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Ifat Glassman

Why are men's clothing so boring?

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I disagree with you about suits. I find suits very comfortable, IF THEY FIT CORRECTLY. Most men, in my opinion, have very poorly-fitted suits. As a result, they are constantly adjusting and the proportions don't look right. I'm not attracted to men, so I'm probably not the most qualified person to speak on this, but I think men tend to look their most elegant in suits (or similar clothing, like tuxedos or morning suits). Suits emphasize typically masculine qualities, like broad shoulders, for instance. Also, part of the reason that men tend to dress in a more boring fashion is that many just do not know how to put good combinations together beyond the most basic solid grey jacket, monocolor tie, monocolor shirt, etc. When men do venture beyond this, they usually fall into whatever the latest trend is, which tends to look horrible.

At the best men's clothing stores (like Turnbull and Asser, which unfortunately I cannot afford to shop at due to being a college student and having no money) there is an enormous variety of colors and designs, which are not at all boring and are very elegant looking.

My speculation on the reason for greater variety in women is that there is FAR greater variety in what is generally considered attractive in women, and a greater variety in women's body shapes as well. Men tend to be either 1)Slim 2)Athletic or 3)Fat all of which can be emphasized or concealed by a suit. Women can be 1)Slim 2)Athletic 3)Fat 4)Curvey 5)Petite 6)Barbie-dollish 7)etc.

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Why the hostility and defensiveness? I am afraid the tone of your posting is surprising - and utterly unjustified.

Groan. You're right about that; when I don't get enough sleep I'm mortally irritable about everything. (Not an excuse.)

Make no mistake: I like to see people dressed up, and I even do it myself on those rare occasions when I visit my family to make sure it's still there, er, assuming that I'm visiting them because of some social event (wedding, funeral), not to go hiking through woods. However, I also recognize that being where other people can see me is not the same thing as being at a social function.

Did it used to be? If so, I can understand having standards for "walking down the street" clothing other than "genetalia appropriately covered". If it never was considered social intercourse simply to walk past someone on the street, then you should be applying my standard, namely the "why are you even intruding on their personal space by looking at them?" standard. Frankly, that's rude, it implies intimacy you have no right to assume.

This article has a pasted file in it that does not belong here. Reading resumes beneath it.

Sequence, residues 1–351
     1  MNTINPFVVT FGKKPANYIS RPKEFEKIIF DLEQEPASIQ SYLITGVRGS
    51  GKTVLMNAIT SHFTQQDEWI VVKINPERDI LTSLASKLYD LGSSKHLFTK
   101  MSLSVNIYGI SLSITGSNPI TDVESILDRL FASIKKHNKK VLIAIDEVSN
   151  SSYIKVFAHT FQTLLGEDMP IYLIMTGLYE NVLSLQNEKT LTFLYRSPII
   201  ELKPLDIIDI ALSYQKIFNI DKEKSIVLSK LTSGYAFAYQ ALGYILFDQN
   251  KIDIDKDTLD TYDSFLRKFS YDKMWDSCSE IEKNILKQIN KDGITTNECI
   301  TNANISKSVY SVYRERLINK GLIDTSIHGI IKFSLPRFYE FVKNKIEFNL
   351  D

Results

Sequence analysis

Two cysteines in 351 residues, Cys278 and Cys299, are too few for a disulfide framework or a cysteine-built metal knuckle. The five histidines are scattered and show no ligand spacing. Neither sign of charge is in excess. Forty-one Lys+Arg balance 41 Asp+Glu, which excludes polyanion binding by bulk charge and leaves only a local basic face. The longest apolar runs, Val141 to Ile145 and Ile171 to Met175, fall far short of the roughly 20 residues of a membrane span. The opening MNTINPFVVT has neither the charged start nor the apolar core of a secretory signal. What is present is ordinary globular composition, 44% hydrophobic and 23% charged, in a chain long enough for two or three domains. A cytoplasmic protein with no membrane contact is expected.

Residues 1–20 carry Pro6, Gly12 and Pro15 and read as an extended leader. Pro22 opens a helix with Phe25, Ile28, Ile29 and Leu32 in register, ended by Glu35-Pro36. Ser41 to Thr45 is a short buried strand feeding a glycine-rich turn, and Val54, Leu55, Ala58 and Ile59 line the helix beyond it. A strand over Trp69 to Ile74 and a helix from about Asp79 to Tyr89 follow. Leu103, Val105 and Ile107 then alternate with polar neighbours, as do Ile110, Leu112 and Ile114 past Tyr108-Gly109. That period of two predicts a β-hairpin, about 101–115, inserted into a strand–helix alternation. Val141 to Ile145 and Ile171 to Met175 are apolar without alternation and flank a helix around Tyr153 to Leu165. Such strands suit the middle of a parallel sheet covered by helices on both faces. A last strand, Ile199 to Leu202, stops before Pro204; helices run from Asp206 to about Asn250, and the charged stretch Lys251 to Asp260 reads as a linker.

People forcing themselves on me socially happens all the time, too, to the point where I'm not even certain whether I'm supposed to do it myself! Talking to make the elevator ride less awkward or the wait less interminable is not something that comes naturally to me. Sitting next to someone in an airplane is not an indication that you're now entitled to socialize with them.

I view dressing up to go to a college class in the same light that I would dressing up before the maid comes over: a sign of impending neurosis. The professor is a skilled professional that I am paying for a service; paying a lot, considering that he won't ever know my name, see my homework, or grade my papers. (ESPECIALLY not since he posts my grades next to my social security number, something he is not allowed to do, but does anyway.) Even the TA that handles my third of the four-hundred-person-class probably won't even know I'm in the class unless I actually show up at one of the extra help sessions, something I'm not inclined to do because I could pass the class in my sleep.

My respect for the professor consists of: showing up, sitting in the seat he assigned me (why, I don't know, I imagine that I'm capable of finding somewhere to sit on my own), and not making any noise while he's lecturing. (Not to mention filling out all those dots on the exams. Oh, my aching hands.) But then, I give the TA the same respect when he's lecturing. So this respect comes, not because you're a professor, but because you're giving a lecture. Heck, I'm not even particularly respecting him, I'm respecting the other students because they might want to be able to hear the lecture, as I do. The professor could, theoretically, kick me out, but I'd want a refund, then.